An Edgartown man is being held on $100,000 bail following a Monday arrest for allegedly trafficking in fentanyl, a deadly narcotic that is used as a substitute for heroin.

Alex Carlson, 30, was arrested at the Vineyard Haven Steamship Authority terminal at 9:15 p.m. Monday by members of the Martha’s Vineyard Drug Task Force, according to a press release from Edgartown police. Police said they seized about 103 grams of suspected fentanyl, a cell phone, and $388 from Mr. Carlson, after he had disembarked from the ferry. He is being charged with trafficking fentanyl (a class B drug). Arraignment is set for Friday at the Edgartown courthouse.

Fentanyl is a powerful painkiller 50 times more potent than heroin and up to 100 times more powerful than morphine. Police and public safety officials say fentanyl is beginning to replace heroin on the Island, as it is around New England, and point to increased fentanyl use as a leading cause of the rise in drug overdoses.

Edgartown Lieut. Christopher Dolby said seizing the fentanyl before it was distributed on the Island likely prevented an untold number of overdoses.

“That’s a lot of fentanyl right there,” he told the Gazette Wednesday. “A lot of stuff to hit the street . . . just by playing the odds, statistically wise, there’s a significant change that it would have resulted in at least overdoses, and if we didn’t get there in time to save them, ultimately deaths.”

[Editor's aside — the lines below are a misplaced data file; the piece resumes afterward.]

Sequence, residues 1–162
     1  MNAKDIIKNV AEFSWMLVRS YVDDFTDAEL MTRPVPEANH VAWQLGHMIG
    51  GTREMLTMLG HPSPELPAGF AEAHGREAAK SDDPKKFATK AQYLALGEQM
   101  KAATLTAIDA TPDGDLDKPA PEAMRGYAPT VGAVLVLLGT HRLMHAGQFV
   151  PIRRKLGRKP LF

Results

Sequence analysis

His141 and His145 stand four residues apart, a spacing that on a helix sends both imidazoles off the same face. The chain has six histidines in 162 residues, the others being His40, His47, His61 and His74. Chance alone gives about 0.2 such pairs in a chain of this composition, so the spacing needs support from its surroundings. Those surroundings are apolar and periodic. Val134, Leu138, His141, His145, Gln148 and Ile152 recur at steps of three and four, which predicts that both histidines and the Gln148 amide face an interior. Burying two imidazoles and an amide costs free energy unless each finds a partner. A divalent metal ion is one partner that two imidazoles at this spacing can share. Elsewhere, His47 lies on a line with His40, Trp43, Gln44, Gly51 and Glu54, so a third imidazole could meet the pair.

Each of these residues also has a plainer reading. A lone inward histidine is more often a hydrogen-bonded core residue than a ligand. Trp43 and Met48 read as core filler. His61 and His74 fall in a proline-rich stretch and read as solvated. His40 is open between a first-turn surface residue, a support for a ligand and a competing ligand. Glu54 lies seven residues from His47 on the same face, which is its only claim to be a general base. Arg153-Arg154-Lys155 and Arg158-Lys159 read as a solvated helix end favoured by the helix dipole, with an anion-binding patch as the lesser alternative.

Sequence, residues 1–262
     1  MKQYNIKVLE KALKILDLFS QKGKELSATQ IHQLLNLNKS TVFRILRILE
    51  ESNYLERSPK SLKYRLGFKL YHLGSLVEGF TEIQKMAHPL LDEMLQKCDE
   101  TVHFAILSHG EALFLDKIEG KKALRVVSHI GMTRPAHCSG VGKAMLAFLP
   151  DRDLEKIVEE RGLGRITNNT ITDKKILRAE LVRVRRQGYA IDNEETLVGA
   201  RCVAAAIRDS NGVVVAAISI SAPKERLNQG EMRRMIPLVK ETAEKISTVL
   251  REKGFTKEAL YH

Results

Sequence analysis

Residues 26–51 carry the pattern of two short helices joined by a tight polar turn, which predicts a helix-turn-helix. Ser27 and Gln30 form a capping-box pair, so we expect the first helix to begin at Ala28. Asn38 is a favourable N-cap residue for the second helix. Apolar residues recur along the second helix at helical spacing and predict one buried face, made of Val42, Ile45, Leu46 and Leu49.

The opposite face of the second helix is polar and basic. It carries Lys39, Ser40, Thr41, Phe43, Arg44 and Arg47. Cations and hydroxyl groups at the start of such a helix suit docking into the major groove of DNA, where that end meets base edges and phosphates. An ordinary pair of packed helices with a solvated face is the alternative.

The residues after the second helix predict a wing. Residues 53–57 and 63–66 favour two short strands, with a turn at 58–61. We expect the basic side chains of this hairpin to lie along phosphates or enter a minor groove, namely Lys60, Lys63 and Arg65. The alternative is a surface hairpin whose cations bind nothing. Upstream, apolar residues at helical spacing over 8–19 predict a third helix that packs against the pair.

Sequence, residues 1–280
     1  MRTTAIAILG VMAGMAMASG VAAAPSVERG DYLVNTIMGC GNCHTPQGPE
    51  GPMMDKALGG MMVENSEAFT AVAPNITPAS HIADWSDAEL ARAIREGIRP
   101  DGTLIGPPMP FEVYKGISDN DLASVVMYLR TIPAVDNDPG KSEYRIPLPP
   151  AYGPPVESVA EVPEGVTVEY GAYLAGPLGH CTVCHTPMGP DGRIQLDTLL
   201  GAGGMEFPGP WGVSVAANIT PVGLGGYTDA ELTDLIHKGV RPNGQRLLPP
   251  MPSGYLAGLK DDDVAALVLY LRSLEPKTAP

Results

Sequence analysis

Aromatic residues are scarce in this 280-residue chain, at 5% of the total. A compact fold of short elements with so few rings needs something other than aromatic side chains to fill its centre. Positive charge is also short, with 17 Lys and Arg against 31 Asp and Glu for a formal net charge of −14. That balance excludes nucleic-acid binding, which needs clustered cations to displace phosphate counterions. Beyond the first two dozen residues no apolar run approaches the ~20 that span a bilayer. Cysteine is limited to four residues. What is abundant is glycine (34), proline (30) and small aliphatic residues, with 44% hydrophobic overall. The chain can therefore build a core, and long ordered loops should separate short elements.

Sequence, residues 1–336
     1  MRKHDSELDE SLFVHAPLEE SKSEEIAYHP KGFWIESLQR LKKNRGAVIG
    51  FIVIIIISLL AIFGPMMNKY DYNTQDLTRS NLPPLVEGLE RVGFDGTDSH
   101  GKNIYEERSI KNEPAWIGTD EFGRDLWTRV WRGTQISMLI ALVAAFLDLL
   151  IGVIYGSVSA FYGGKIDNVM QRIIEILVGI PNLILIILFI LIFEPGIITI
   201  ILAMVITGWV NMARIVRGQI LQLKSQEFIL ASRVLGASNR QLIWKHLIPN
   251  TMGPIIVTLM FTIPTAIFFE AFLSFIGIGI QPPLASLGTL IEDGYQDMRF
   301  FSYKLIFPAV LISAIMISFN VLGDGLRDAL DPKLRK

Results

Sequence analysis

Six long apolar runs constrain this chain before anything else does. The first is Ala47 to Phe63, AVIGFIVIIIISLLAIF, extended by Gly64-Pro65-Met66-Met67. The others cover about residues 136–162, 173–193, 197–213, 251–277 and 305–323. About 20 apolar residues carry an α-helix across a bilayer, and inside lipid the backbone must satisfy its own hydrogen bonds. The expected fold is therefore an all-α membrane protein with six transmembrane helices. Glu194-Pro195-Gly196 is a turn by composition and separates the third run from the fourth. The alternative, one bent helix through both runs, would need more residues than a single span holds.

Edgartown district court clerk magistrate Liza H. Williamson underscored the drug’s potency in setting cash bail for Mr. Carlson at $100,000. In a statement explaining her reasons for ordering bail, Ms. Williamson said the amount of fentanyl seized would equal about 600 so-called hits.

“The sale of such a high number of fentanyl hits would likely result in death and a potentially legally viable charge of manslaughter,” she said. “As such, the nature and circumstances of the charge are reasonably closer to homicide under the above circumstances. Because fentanyl is such a life-threatening narcotic, appropriate bail must reflect the actual potential charges.”

According to police, at the time of the arrest Mr. Carlson allegedly attempted to pull officers toward the water in an attempt to destroy something in his pocket. He is also charged with resisting arrest.

In her statement, Ms. Williamson also said Mr. Carlson has two prior convictions of possession with intent to distribute heroin and has served jail time as a result of the convictions. He violated probation in his most recent drug possession case, she said.